“It re­ally is a great way to kick off the sea­son and I think the en­ergy, that youth­ful en­ergy that comes from a ball park filled with stu­dents and kids is phe­nom­e­nal,” Cal­la­han said. “It’s awe­some for our staff be­cause it re­minds you of why we put in so much work to try and cre­ate that fun at­mos­phere and the pos­i­tive ex­pe­ri­ence day in a day out.”

There also has been a gen­er­a­tional change within FIFA. Many of its lead­ers have­moved frompent­houses to pris­ons fol­low­ing in­dict­ments by the U.S. Depart­ment of Jus­tice that de­tailed kick­backs to be as much a part of soc­cer as free kicks.

Ex­pect con­tro­versy on a reg­u­lar ba­sis.

FIFA’s Con­gress votes

For Val­leyCats man­ager, 27-year- old Ja­son Bell, the youngest man­ager in mi­nor league base­ball, he too could feel the en­ergy dur­ing his first game at Joe Bruno Sta­dium.

“It’s a great at­mos­phere,” Ja­son Bell said. “All I’ve heard about from ev­ery­body in the or­ga­ni­za­tion from the top down is how great of an area this is, how great of a sta­dium, good fan base and al­ready to­day at 10 a.m. on a Wed­nes­day we al­ready felt it, which was awe­some.”

The op­por­tu­nity to hear more than a ball mak­ing con­tact and the snap of a leather glove was a wel­come sound for the Val­leyCats.

“A lot of these guys have ei­ther been in ex­tended spring train­ing lit­er­ally play­ing in front of no­body and even some of the col­lege kids that just signed out of the draft are not used to play­ing in front of

June 13 on the host of the 2026 tour­na­ment, and a joint bid by the U.S., Mex­ico and Canada is com­pet­ing against Morocco — where most of the in­fra­struc­ture would have to be built — on a bal­lot that in­cludes a none- of-the-above op­tion.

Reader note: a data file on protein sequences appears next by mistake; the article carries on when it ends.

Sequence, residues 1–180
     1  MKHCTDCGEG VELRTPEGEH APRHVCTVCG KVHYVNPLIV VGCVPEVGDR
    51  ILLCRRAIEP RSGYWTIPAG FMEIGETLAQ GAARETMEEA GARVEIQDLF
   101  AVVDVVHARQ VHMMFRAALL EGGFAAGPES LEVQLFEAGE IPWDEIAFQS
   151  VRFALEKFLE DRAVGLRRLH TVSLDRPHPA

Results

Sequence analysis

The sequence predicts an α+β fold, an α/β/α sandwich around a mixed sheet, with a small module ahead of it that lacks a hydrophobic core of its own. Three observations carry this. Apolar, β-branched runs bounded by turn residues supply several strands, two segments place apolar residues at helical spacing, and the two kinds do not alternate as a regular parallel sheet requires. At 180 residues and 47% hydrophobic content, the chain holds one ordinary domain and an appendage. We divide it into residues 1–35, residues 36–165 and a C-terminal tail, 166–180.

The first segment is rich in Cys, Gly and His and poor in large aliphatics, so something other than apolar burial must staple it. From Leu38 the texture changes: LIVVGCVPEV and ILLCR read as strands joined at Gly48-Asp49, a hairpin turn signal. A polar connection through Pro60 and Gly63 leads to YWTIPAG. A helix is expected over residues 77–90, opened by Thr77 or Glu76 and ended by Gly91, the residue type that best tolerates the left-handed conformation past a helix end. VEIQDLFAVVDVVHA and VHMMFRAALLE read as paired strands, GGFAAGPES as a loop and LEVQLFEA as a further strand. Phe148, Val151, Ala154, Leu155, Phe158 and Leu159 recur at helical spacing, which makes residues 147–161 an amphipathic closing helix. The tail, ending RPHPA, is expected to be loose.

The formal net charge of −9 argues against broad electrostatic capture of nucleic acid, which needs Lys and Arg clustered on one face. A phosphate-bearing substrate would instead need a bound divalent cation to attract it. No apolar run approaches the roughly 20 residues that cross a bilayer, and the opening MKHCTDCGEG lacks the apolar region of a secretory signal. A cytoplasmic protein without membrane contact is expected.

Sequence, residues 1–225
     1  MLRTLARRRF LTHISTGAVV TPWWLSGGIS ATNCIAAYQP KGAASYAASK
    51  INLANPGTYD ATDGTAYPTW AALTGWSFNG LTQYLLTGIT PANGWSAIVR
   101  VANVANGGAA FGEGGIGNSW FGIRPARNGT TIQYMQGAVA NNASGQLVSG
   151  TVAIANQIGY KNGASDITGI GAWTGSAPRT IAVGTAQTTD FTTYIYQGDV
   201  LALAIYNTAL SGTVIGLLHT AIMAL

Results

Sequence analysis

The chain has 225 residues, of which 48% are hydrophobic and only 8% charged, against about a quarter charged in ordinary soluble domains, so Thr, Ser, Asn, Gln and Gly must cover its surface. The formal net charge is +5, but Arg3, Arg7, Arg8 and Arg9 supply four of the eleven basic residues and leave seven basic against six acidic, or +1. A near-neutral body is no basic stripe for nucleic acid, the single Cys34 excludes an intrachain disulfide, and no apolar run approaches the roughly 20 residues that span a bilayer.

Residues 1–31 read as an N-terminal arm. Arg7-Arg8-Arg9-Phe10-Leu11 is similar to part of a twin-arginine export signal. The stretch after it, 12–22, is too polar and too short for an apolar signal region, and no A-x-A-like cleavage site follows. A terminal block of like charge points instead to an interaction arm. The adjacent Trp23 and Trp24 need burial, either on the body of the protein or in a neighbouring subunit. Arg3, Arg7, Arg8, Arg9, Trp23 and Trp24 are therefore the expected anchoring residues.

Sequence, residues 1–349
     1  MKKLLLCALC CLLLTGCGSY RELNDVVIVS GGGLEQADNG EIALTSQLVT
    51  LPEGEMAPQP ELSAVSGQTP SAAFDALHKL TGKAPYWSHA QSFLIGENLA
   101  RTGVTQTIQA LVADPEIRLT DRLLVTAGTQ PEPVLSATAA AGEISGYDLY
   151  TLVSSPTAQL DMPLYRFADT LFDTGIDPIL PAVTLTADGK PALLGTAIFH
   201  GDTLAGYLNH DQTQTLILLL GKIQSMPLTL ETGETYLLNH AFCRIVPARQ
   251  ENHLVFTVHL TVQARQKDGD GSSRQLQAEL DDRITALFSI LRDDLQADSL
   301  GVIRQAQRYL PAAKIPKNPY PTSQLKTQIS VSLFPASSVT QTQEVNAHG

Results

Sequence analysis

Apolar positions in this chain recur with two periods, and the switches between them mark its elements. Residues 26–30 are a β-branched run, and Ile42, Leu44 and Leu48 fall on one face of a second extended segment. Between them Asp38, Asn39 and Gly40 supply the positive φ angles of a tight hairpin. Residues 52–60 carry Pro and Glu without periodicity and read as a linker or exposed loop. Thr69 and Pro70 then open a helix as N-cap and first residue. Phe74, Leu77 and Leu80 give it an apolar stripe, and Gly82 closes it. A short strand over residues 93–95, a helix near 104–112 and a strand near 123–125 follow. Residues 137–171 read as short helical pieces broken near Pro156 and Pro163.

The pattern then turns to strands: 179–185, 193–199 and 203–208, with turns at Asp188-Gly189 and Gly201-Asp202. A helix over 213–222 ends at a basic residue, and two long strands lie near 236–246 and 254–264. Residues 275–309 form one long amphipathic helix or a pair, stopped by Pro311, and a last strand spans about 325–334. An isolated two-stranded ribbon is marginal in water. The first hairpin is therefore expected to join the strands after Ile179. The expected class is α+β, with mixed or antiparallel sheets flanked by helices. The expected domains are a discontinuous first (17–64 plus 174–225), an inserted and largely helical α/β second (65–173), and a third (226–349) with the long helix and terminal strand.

Fol­low­ing the drugtest­ing scan­dal that en­gulfed the 2014 Sochi Win- crowds like this,” Cal­la­han said.

The end­less cheers for every strike, strike­out, hit, run and out wasn’t lost on the Val­leyCat play­ers.

“There were a bunch of peo­ple here, I think I’ve only played in front of a crowd like this one other time, so be­ing able to play in front of this many peo­ple is re­ally ex­cit­ing,” this year’s 16th- round draft pick, catcher Alex Holder­bach said. “I’ve heard that this place gets packed and they bring a lot of peo­ple every night, so it’s go­ing to be ex­cit­ing to play here.”

The Val­leyCats open the 2018 reg­u­lar sea­son against the Ver­mont Lake Mon­sters 7 p.m. Fri­day at Joe Bruno Sta­dium. All fans will re­ceive a 2018 Val­leyCats sched­ule mag­net and the fire­works will fol­low at the con­clu­sion of the game.

ter Olympics, FIFA’s med­i­cal com­mit­tee chair­man said no Rus­sians will be in­volved in col­lec­tion of urine and blood sam­ples, which will be flown to Lau­sanne, Switzer­land, for anal­y­sis.

VAR will be the acro­nym of the mo­ment: video as­sis­tant ref­er­ees in soc­cer- speak, in­stant re­play for most view­ers at home.